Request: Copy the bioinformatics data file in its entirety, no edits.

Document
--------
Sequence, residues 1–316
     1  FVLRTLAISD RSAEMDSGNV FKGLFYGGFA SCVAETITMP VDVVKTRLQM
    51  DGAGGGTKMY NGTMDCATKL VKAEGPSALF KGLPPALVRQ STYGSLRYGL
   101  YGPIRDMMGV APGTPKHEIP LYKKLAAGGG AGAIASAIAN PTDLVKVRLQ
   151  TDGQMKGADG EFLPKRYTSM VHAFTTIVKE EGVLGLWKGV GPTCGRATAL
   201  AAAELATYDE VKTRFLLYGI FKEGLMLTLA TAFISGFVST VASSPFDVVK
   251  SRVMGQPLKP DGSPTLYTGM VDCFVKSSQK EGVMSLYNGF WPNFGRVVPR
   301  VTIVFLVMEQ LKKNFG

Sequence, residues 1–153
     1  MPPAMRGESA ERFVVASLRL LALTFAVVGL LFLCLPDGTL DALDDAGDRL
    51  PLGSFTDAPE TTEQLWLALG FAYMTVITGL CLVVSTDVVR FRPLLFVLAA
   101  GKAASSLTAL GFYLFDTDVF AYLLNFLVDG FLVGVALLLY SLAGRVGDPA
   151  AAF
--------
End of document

Sequence, residues 1–316
     1  FVLRTLAISD RSAEMDSGNV FKGLFYGGFA SCVAETITMP VDVVKTRLQM
    51  DGAGGGTKMY NGTMDCATKL VKAEGPSALF KGLPPALVRQ STYGSLRYGL
   101  YGPIRDMMGV APGTPKHEIP LYKKLAAGGG AGAIASAIAN PTDLVKVRLQ
   151  TDGQMKGADG EFLPKRYTSM VHAFTTIVKE EGVLGLWKGV GPTCGRATAL
   201  AAAELATYDE VKTRFLLYGI FKEGLMLTLA TAFISGFVST VASSPFDVVK
   251  SRVMGQPLKP DGSPTLYTGM VDCFVKSSQK EGVMSLYNGF WPNFGRVVPR
   301  VTIVFLVMEQ LKKNFG

Sequence, residues 1–153
     1  MPPAMRGESA ERFVVASLRL LALTFAVVGL LFLCLPDGTL DALDDAGDRL
    51  PLGSFTDAPE TTEQLWLALG FAYMTVITGL CLVVSTDVVR FRPLLFVLAA
   101  GKAASSLTAL GFYLFDTDVF AYLLNFLVDG FLVGVALLLY SLAGRVGDPA
   151  AAF